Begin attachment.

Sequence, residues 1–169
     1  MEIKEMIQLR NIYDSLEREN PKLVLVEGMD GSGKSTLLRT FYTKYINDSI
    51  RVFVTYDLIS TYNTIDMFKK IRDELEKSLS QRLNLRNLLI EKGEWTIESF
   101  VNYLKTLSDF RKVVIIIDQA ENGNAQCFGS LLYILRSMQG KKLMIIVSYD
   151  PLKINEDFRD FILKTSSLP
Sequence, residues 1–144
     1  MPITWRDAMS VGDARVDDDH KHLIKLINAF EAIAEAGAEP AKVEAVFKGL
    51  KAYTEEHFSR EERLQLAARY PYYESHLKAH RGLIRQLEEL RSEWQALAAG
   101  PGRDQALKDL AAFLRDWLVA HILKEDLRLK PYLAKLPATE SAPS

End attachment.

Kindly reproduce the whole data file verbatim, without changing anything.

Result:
Sequence, residues 1–169
     1  MEIKEMIQLR NIYDSLEREN PKLVLVEGMD GSGKSTLLRT FYTKYINDSI
    51  RVFVTYDLIS TYNTIDMFKK IRDELEKSLS QRLNLRNLLI EKGEWTIESF
   101  VNYLKTLSDF RKVVIIIDQA ENGNAQCFGS LLYILRSMQG KKLMIIVSYD
   151  PLKINEDFRD FILKTSSLP
Sequence, residues 1–144
     1  MPITWRDAMS VGDARVDDDH KHLIKLINAF EAIAEAGAEP AKVEAVFKGL
    51  KAYTEEHFSR EERLQLAARY PYYESHLKAH RGLIRQLEEL RSEWQALAAG
   101  PGRDQALKDL AAFLRDWLVA HILKEDLRLK PYLAKLPATE SAPS